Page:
with Madix, Dirt Merchants MC
you doing man?
out man. Everything's good right now.
heard some of your tracks on HipHopGame, but still don't really know who
the Dirt Merchants are. Who are the Dirt Merchants?
Merchants are three kids, one MC, one producer, and one DJ. We're out
of Northern California. We represent all three elements of Hip Hop music,
the producing, the turntablism and the emceeing. We're just trying to
make good Hip Hop music and do what we can to give the people what they
want to hear.
you guys come together?
We all went
to high school together. We didn't even know that our DJ, DJ Duke-I, was
DJ'ing at the time. Once we got to college, we all got into the music
more on our own and we all saw that we were into the same thing, and we
came together. It was natural because we were all friends and we grew
from there and just started making music together.
a Dirt Merchants song made?
he makes all the beats. He'll sit down and go through records and find
the right sample, play the drums and bass and all that. Once the beat
is coming along nicely I'll sit down and start writing and come up with
some concepts. For the chorus and for intros DJ Duke-I will come in and
do cuts. After that, we might get one of our friends to sing on it. It's
a real laid-back process, and it all comes together. Every song is different
too, some songs can take a day and some can take a week. It's hard to
nail it down to one specific process.
you guys work out any problems with three guys in the group?
really run into too many problems as far as creating music is concerned.
I think we all have a good ear for what sounds good and we all like the
same style of Hip Hop. I usually handle the concepts because I'm the MC.
We'll talk about some things that we need to tighten up and we go from
have a lot of diverse sounds on the album "Something from Nothing,"
what did you want to make with that?
wanted to make a solid album. I don't think any album in any genre can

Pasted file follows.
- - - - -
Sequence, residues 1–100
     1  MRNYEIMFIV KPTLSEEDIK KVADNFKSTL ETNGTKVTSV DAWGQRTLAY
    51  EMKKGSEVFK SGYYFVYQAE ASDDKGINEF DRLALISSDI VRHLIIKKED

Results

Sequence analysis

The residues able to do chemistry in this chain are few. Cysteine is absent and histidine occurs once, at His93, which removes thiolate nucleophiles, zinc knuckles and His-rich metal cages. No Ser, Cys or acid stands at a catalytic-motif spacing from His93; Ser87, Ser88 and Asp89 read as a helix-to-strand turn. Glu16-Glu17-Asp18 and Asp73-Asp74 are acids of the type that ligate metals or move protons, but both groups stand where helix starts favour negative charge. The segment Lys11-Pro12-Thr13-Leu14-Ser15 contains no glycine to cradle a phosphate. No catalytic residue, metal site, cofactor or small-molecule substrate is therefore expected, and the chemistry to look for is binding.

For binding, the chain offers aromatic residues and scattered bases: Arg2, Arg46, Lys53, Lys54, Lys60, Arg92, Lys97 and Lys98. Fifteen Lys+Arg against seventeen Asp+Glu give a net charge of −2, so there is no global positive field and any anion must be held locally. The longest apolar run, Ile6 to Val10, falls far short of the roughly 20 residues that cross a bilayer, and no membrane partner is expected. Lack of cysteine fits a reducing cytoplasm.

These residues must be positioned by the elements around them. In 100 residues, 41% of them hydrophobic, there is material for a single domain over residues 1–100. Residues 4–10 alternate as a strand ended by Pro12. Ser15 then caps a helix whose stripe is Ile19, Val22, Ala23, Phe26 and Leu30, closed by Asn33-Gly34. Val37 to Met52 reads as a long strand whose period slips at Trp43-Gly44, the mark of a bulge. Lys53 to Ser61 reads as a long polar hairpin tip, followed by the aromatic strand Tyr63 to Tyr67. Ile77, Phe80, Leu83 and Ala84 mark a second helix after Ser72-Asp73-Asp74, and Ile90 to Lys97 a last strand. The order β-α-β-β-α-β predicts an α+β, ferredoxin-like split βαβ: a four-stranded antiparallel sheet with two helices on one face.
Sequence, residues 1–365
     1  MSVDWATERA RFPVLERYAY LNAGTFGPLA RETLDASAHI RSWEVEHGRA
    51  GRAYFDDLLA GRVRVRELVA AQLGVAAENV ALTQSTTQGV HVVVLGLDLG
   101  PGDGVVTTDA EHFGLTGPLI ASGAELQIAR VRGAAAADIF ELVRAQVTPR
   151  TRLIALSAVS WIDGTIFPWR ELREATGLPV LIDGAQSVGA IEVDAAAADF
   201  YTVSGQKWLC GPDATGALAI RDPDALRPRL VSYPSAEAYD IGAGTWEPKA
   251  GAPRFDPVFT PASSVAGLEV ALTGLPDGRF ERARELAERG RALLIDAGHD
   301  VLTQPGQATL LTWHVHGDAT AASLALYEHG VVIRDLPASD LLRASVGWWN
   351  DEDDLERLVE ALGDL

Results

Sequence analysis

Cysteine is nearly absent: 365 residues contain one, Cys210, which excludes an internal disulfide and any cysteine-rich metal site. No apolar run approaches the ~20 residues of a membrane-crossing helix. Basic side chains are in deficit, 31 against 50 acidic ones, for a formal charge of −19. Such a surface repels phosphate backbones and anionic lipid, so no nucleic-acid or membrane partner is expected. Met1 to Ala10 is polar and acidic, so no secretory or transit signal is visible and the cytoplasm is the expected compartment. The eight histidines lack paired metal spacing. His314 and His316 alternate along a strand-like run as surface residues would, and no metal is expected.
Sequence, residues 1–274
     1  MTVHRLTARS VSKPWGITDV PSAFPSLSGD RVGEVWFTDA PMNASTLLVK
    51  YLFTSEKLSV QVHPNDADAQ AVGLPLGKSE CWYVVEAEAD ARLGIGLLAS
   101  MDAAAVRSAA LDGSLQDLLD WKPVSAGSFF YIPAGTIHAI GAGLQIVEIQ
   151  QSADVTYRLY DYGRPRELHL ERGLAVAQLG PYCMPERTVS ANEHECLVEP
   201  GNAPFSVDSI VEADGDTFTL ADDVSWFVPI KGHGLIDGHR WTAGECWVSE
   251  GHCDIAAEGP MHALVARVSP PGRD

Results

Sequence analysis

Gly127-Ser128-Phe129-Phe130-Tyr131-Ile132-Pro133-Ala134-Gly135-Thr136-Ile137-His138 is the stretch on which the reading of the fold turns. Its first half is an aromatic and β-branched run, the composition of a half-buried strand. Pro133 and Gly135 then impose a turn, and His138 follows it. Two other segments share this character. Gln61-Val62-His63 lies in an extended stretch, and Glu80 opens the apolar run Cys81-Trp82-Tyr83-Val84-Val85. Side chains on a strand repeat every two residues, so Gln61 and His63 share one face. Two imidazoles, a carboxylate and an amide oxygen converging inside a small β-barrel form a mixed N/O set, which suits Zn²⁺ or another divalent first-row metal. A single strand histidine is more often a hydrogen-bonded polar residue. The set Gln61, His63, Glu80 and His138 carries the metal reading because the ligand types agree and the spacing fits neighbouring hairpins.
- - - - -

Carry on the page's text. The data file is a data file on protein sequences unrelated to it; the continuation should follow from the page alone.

be good without a lot of diversity. For starters, we picked beats that
were different from one another and I focused on making sure that I touched
on a lot of different concepts. We really wanted an album that didn't
have any filler. Too many albums today have two or three good songs and
then just a bunch of bullshit. We didn't want kids searching through our
album looking for the only two songs they like. We wanted them to be able
to listen and enjoy it in its entirety, and I think we accomplished that.
hit on politics with "Brainwashed," how important is it to have
songs dealing with social issues in your music?
I think it's
very important. We're always going to do the battle shit, but I also want
to give the listener something else to show another side of me. I feel
very strongly about the concept on "Brainwashed." That song
is about my views on the war and the right side of things. It's definitely
important to have that to go along with the raw battle shit.
have a real unique sound. How did you go about cultivating that sound?
three years together making music. At first, it wasn't garbage, but it
wasn't what we wanted to hear and what we wanted to promote. We had to
work individually in our respective arts until we were ready to make good
music. We would say "let's keep this, let's not keep this."
We sit around and we make music. If it's tight, we keep it, if it's not,
we trash it." Our last album is our first group of tracks that we
said is dope enough to put out. We get good feedback from our friends
as well about what's tight and what we should throw out.
think it's going to be harder to come out with a second album?
Not at all.
The first two and a half years were just developing our style and just
getting the skill to be able to make an album. We were just trying to
get good enough to make a good first album. We made our first album in
seven months. It's not going to be a problem to pump out another album.
started the next album?
have about two or three tracks. They're not mastered yet. We're doing
a lot of shows, trying to get some promotion right now.
a Dirt Merchants live show like?
show is something that we're not the greatest at yet. We've only been